You destroy those who speak lies; the LORD abhors the bloodthirsty and deceitful man.(Psalm 5:6 ESV)
Why does God hate lies? When He spoke to the Israelites after He brought them out of Egypt He told them “You shall not bear false witness against your neighbor” (Exodus 20:16 ESV; see also Deuteronomy 5:20). To bear false witness is to speak deceptively about anything to your neighbor or before a group, such as a court of law. God hates lies because His essential, eternal character is truth. He created Man in His image, which means for anyone to speak something that is not true goes against His will in creation. Lying is first against God and then against others. It is one more way for people to reject God and His perfect design for them. In the Garden, the Deceiver lied to Eve, who believed the lie and acted in rebellion against God. Lying is an act of rebellion against the eternal nature of God.
Those who speak lies are anyone who tells a falsehood or deceptive thing about anything, including libel and defamation, slurs and slanders, making statements fabricated to lead another to an untrue conclusion. Deceitful means treachery, and involves betrayal, treason, disloyalty and sedition.
There are two other words used to describe God’s justice toward those who lie. God will destroy those who lie, which means to perish, vanish and make go away, blot them out, sentence to eternal death, which is separation from Him, the source of life. God abhors them, which means to detest, loathe, to make an abomination, all ritually and ethically. God does not tolerate lies. He then equates lying to those who are bloodthirsty, or those who seek to put others to death for no reason. God equates lying to murder.
When Jesus violently drove the vendors and moneychangers from the Temple courts He was challenged by the religious leaders. They asked Him for a sign, a testimony, to establish His authority to clear the Temple. It was their Temple, in their minds, and not His. It had taken many years to complete and was still not finished. They were in charge of what occurred on the Temple grounds. Jesus’ actions were a direct challenge to their traditional authority. “What sign do you show us for doing these things?” (John 2:18 ESV).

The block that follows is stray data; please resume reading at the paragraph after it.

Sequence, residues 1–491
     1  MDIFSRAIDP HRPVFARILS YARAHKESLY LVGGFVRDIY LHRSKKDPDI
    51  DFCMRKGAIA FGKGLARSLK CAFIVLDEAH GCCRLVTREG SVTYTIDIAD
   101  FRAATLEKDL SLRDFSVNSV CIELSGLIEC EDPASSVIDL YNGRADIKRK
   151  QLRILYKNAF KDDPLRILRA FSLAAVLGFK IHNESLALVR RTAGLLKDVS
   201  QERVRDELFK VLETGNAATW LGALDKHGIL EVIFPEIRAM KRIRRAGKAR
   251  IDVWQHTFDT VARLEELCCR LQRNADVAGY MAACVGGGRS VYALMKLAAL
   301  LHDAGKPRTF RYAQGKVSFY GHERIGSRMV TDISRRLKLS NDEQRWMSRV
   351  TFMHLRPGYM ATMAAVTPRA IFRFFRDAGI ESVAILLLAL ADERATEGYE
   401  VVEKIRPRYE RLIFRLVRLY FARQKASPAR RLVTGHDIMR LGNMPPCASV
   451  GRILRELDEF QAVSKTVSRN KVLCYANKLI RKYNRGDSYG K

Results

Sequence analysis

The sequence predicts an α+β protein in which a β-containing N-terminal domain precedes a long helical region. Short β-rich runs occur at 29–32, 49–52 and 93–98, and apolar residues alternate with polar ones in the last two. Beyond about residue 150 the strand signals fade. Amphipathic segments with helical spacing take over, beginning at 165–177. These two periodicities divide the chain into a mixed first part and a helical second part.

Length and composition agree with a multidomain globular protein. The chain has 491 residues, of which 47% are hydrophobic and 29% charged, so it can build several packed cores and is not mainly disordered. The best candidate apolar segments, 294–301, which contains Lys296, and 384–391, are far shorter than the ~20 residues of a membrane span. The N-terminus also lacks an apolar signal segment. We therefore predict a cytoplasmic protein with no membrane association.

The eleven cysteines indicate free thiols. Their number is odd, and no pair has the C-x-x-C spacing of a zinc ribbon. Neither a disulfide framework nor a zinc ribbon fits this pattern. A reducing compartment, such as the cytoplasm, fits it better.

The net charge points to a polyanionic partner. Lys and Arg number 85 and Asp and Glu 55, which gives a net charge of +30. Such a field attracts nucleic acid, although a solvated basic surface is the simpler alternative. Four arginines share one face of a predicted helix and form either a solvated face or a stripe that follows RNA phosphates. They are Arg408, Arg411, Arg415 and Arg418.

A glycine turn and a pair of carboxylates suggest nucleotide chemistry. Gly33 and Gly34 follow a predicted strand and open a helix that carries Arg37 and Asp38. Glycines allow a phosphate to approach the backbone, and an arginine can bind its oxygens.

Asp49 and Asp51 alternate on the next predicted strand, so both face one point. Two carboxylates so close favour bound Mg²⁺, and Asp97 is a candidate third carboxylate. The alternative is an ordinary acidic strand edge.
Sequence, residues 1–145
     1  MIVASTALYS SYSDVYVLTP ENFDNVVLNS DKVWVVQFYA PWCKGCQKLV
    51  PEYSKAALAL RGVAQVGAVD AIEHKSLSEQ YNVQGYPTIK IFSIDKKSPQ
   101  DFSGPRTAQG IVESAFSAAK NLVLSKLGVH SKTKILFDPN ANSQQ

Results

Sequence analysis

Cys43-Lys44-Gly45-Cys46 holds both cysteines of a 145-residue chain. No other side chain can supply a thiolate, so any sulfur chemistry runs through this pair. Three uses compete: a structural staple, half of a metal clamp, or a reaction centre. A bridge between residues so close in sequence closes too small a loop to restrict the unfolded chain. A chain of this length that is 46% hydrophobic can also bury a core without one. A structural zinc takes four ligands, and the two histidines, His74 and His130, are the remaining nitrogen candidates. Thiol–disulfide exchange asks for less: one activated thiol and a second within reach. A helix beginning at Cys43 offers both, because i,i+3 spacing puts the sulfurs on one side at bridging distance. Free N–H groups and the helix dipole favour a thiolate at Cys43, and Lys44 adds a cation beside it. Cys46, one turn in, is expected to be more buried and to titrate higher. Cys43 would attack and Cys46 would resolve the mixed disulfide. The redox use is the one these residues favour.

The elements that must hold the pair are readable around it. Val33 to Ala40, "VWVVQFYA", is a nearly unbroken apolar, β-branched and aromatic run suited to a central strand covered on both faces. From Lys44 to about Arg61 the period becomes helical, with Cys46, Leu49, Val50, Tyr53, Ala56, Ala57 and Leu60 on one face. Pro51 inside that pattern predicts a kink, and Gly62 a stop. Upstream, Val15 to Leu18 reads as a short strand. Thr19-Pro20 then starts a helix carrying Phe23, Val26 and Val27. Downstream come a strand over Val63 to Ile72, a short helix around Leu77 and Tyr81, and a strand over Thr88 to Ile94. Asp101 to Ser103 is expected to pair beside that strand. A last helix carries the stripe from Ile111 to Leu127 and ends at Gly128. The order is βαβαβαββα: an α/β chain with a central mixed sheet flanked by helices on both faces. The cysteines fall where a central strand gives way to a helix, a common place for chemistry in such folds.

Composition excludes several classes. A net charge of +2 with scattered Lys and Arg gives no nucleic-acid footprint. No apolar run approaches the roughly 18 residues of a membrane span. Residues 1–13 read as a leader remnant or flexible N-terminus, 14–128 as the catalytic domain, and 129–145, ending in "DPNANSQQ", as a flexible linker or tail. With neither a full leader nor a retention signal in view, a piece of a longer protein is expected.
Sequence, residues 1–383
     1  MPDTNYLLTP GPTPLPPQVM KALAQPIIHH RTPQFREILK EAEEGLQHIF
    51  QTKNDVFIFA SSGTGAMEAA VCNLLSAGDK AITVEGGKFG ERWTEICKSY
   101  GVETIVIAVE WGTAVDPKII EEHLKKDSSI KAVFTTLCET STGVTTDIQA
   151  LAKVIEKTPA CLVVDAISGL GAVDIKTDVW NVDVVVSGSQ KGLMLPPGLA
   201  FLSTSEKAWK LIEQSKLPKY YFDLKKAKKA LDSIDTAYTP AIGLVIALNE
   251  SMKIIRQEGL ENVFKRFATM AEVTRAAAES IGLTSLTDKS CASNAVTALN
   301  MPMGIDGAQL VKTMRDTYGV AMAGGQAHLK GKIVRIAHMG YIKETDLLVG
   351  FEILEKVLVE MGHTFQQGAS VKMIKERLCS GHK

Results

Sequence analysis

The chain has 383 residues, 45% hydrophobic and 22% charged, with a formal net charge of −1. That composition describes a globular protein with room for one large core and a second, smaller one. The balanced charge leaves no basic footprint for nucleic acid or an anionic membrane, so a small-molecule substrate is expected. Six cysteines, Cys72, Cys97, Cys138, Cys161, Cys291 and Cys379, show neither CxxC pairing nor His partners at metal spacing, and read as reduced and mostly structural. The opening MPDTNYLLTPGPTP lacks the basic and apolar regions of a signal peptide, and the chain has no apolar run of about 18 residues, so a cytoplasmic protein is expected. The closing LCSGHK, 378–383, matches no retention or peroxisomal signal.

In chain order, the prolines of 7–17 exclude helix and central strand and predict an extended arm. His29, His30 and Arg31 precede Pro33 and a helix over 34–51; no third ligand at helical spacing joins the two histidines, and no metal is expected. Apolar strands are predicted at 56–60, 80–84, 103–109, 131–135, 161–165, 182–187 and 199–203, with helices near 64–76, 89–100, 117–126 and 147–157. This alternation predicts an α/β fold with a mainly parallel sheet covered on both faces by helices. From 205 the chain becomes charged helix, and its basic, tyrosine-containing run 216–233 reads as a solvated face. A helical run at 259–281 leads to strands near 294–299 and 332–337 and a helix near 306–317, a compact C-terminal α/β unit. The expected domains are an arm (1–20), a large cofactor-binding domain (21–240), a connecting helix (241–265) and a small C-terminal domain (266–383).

Jesus’ response made no sense to them. “Destroy this Temple, and in three days I will raise it up” (John 2:19 ESV). They thought He was speaking about the physical Temple, the structure rising around them. But He was speaking about His body. “But he was speaking about the Temple of his body. When therefore he was raised from the dead, his disciples remembered that he had said this, and they believed the Scripture and the word that Jesus had spoken” (John 2:21-22 ESV). He did not say He would destroy the Temple. He implied they would destroy the Temple, which is His body. He prophesied their actions in murdering Him and His accomplishment in rising from the dead.
How did they manage to condemn Jesus to death and destroy the Temple that was His body? They lied. Their lies revealed the thinking of their hearts and the bloodthirsty nature of their actions. They believed false witnesses.
Now the chief priests and the whole council were seeking false testimony against Jesus that they might put him to death, but they found none, though many false witnesses came forward. At last two came forward and said, “This man said, ‘I am able to destroy the Temple of God, and to rebuild it in three days.’”(Matthew 26:59-61 ESV; see Mark 14:55-56)
When Stephen was executed for his witness about Jesus and the gospel, those who condemned him used almost the same lies they spoke against Jesus.
Then they secretly instigated men who said, “We have heard him speak blasphemous words against Moses and God.” And they stirred up the people and the elders and the scribes, and they came upon him and seized him and brought him before the council, and they set up false witnesses who said, “This man never ceases to speak words against this holy place and the law, for we have heard him say that this Jesus of Nazareth will destroy this place and will change the customs that Moses delivered to us.” (Acts 6:11-14 ESV)
Their lies led to the murders of both Jesus and Stephen. They did not violate only one of the statements of God in Exodus 20, but many. By lying and murdering they dishonored God, heaping derision upon His name. Jesus was resurrected and Stephen will be resurrected. Those who lied will stand before God and then be driven from His presence, unless before they die they repent, admitting their sin and embracing the grace of God given through the Man they murdered.